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May 2016
 

The Bellinghman
Date: 2008-05-08 09:18
Subject: #259 Jo Clayton: Wild Magic (Wild Magic #1)
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Tags:books, reviews
Jo Clayton: Wild Magic (Wild Magic #1)

Paperback: 368 pages
Publisher: Daw Books (Dec 1991)
ISBN-10: 0886774969
ISBN-13: 978-0886774967
Category(ies): Fantasy

I'd not encountered Clayton before when I read this book, and I wasn't sure what to expect.

This is a first in a trilogy, apparently set in a universe she's already used before. The structure comprises three strands of story wound together: in the first, we have the God Dance, in which the Bee Goddess and the Forge God enact a dance of opposition to each other; the second has the Sybil, watching from afar, seeing what is going on; and the third is the main story, as the earthly agents of the two deities - one a girl, Faan, who was kidnapped as a baby, the other an ascetic former soldier - act out this opposition, an opposition between a dour desert-based religion and one supposedly of fruitfulness and enjoyment. In the end, the agents themselves are the unwilling victims.

The setting is a sketched generic-fantasy background, somewhere after feudalism, but before high technology. One interesting feature is that Reyna, the ambiguously-gendered person who found and adopted Faan, is effectively a transsexual prostitute, which is a rather unusal occupation for a character who occasionally gets the PoV.

This book worked well for me. The story isn't left incomplete at the end, so it's not one of those series which is actually one book in multiple volumes, and the underlying message (that the world would be better without gods meddling) is brought through fairly subtly. So, all in all, enjoyable, if different.
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sphyg
User: sphyg
Date: 2008-05-08 08:21 (UTC)
Subject: (no subject)
While I remember, thank you for your book reviews. I enjoy them and they're useful. I keep meaning to write my own, but lack brain.
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The Bellinghman
User: bellinghman
Date: 2008-05-08 08:53 (UTC)
Subject: (no subject)
No problem.

Every now and then, one will spark off an interesting conversation, which is nice. Or someone will point out something I'd missed. However I write them for my own enjoyment, and to be able to remember a bit more about them when I look back on them in the future. They're certainly not done to professional standard (when I read some professional-level reviews, I just stand back and admire), but I do try to get a bit beyond "This book contained this. And I like it". That makes me think a bit more, which can bring a bit more enjoyment out of it. In the end, I read for enjoyment, and I pick books I hope I will enjoy.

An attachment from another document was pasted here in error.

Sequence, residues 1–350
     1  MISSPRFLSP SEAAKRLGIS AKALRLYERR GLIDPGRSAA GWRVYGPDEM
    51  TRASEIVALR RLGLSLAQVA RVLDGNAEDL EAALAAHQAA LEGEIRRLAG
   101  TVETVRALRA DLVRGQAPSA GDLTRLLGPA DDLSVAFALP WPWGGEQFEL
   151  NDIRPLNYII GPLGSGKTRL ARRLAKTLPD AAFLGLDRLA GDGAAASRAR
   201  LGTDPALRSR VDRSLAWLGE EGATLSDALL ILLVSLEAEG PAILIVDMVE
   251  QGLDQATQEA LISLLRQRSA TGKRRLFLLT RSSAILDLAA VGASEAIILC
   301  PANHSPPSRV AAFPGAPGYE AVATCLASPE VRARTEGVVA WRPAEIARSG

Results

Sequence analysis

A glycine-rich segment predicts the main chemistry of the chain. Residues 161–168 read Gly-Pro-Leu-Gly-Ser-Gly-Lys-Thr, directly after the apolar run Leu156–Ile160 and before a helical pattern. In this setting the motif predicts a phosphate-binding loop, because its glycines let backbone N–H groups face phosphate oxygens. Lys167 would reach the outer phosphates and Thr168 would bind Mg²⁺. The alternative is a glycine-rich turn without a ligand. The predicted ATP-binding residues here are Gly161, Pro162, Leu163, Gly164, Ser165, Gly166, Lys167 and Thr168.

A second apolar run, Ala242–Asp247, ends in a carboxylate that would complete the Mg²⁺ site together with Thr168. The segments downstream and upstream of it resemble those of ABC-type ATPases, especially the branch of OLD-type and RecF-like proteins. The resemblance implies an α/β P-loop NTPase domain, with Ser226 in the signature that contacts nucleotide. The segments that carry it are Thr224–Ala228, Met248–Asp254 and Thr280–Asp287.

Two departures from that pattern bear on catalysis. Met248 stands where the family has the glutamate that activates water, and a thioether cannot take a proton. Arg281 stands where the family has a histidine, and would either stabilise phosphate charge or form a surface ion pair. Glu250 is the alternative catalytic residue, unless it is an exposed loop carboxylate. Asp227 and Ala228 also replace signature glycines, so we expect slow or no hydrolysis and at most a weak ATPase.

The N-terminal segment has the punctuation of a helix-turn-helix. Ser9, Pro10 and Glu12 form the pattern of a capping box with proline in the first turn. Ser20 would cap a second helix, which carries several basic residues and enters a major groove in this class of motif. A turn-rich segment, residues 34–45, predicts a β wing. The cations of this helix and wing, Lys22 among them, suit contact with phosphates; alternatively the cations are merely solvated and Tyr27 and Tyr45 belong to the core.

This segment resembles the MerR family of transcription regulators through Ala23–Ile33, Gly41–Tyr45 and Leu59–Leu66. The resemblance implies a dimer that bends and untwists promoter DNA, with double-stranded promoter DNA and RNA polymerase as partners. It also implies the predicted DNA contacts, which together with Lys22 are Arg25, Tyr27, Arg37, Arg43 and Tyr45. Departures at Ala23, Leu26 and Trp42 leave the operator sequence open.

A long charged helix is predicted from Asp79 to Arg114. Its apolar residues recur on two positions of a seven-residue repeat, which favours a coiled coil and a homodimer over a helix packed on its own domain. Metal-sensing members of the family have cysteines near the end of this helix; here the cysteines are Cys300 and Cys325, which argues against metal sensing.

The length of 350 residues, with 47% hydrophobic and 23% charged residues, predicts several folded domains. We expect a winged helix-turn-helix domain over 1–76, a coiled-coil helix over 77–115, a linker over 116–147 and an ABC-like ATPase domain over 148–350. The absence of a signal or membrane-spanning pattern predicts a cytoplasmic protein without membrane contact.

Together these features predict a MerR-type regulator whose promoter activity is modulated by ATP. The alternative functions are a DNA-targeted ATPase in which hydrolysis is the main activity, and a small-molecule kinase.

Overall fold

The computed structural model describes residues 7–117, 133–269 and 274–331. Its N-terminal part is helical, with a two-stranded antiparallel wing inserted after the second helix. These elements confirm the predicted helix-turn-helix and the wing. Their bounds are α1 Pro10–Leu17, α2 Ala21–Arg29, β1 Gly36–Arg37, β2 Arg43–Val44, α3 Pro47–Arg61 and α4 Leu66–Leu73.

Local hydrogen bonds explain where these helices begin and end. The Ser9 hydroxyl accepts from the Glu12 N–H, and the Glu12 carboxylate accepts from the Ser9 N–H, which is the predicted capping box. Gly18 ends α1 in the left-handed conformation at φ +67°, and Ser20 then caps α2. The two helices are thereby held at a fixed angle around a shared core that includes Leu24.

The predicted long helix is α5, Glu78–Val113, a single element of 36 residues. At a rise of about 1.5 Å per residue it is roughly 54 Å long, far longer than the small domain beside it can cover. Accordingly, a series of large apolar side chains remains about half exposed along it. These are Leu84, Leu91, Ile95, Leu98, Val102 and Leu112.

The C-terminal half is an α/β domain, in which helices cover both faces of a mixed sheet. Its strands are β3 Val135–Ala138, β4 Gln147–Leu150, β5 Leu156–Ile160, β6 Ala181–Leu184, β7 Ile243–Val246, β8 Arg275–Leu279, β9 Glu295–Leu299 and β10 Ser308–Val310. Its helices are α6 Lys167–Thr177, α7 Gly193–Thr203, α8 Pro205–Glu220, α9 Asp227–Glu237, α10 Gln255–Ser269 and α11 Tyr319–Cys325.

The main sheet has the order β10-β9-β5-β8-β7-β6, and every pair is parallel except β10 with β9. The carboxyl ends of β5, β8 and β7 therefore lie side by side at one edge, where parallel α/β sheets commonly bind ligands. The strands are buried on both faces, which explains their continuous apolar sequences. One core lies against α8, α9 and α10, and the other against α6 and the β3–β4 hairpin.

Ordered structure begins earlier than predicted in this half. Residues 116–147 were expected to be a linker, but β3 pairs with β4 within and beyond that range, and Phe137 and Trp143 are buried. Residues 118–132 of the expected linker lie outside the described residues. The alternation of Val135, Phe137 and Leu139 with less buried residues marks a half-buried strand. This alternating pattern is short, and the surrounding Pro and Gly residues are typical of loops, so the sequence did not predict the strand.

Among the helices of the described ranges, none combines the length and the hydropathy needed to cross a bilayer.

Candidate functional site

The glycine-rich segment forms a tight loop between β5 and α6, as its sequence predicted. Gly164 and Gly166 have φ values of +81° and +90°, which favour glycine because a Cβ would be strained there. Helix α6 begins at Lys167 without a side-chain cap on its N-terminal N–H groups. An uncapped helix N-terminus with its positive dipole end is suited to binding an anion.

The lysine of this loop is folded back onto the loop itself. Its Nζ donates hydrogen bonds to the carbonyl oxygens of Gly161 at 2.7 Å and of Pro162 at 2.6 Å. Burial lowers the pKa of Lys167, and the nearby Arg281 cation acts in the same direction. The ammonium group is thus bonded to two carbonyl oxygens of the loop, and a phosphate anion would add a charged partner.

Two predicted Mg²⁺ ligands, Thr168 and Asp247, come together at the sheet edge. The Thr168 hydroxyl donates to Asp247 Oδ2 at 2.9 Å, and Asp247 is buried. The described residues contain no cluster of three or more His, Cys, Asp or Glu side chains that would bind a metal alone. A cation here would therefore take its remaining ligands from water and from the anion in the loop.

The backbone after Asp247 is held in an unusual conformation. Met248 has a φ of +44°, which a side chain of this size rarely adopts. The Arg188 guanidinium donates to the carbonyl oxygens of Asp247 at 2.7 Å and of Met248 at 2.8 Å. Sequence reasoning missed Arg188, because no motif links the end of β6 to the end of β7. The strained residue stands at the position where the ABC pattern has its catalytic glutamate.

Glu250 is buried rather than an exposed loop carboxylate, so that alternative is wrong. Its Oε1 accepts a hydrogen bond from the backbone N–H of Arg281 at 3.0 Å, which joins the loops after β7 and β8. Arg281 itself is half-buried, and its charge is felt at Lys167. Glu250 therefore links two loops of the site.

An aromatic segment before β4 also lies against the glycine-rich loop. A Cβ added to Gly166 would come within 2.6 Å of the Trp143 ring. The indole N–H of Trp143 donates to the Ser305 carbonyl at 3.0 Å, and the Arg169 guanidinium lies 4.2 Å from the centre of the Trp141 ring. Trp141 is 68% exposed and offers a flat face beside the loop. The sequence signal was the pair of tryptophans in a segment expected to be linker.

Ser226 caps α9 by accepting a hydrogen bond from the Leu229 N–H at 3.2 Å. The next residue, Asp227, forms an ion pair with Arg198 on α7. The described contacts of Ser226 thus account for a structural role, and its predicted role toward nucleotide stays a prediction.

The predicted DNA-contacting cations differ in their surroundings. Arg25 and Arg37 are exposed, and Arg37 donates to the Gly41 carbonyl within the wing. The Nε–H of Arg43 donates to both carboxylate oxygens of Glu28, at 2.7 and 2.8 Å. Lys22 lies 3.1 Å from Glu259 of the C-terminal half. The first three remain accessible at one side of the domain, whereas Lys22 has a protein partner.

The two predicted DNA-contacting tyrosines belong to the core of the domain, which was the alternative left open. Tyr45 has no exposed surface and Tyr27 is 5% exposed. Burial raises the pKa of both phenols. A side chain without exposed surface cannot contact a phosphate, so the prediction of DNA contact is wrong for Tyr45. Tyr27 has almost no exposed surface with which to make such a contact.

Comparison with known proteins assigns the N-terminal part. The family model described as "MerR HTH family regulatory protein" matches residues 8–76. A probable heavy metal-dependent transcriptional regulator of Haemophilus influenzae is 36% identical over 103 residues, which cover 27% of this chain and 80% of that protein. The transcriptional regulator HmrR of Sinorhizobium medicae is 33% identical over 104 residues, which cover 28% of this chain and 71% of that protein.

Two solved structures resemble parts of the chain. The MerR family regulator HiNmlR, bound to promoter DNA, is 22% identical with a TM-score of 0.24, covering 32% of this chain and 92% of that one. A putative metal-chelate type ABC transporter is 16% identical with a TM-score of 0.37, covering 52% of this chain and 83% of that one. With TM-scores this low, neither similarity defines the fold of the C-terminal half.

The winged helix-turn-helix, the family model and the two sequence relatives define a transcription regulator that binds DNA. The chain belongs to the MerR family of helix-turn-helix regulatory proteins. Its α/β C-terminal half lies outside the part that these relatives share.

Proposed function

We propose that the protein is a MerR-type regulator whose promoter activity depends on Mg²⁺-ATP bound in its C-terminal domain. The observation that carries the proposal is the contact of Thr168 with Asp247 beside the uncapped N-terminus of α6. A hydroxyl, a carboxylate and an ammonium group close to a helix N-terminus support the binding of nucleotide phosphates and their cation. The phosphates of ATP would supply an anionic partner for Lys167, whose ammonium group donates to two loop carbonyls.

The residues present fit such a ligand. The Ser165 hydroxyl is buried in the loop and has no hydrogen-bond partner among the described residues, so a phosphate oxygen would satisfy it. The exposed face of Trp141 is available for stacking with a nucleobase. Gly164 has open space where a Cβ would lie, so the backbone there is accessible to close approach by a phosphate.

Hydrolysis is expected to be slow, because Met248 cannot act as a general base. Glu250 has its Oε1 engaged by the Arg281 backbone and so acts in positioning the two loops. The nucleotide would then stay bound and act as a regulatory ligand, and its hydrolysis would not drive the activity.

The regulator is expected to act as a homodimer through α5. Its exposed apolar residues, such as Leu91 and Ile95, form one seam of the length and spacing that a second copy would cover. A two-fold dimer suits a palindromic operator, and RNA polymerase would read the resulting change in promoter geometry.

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Ian
User: liasbluestone
Date: 2008-05-08 09:06 (UTC)
Subject: (no subject)
Hear hear. When we wanted to get half a dozen new books to take on holiday last year (it's useful that we all read the same stuff), guess where we looked first for inspiration...

I actually can't thank him enough for the review which made us buy "The Lies of Locke Lamora". It's one of the best books we've bought in a very long time.

Or, indeed, for making me read "Girl Genius", though I do that online.
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The Bellinghman
User: bellinghman
Date: 2008-05-08 09:24 (UTC)
Subject: (no subject)
Now I'm blushing.

Girl Genius is one of my daily thrice weekly reads. However, you may be interested to know that I have two packages by my left knee (well, five in total, but two in particular) that contain Phil Foglio stuff.

As for Lynch - he's one of those shooting stars of a writer who seems to burst onto the scene from nowhere as a full grown outright talent. Some of that is freshness, which is very close to originality in its appearance. We will have to wait a bit before we see if he has the ability to tell different stories, or whether he'll get trapped into a subgenre of his own.

(One of the great things about autopope is that he's got a whole set of different styles he can make work, from standalones like Saturn's Children (definite buy material) and Glasshouse through to the Laundry tales, or the Merchants War series (4.9 books so far, not yet finished).)
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Ian
User: liasbluestone
Date: 2008-05-08 12:18 (UTC)
Subject: (no subject)
Some of that is freshness, which is very close to originality in its appearance.
Yes, it wasn't as obviously derivative as most fantasy is. I particularly enjoyed the characterisation though. The way he paints his characters put me in mind of Ray Feist, or Guy Gavriel Kay.

I must read autopope's stuff. I have an e-book of "Accelerando" somewhere, I guess that would be a good start.
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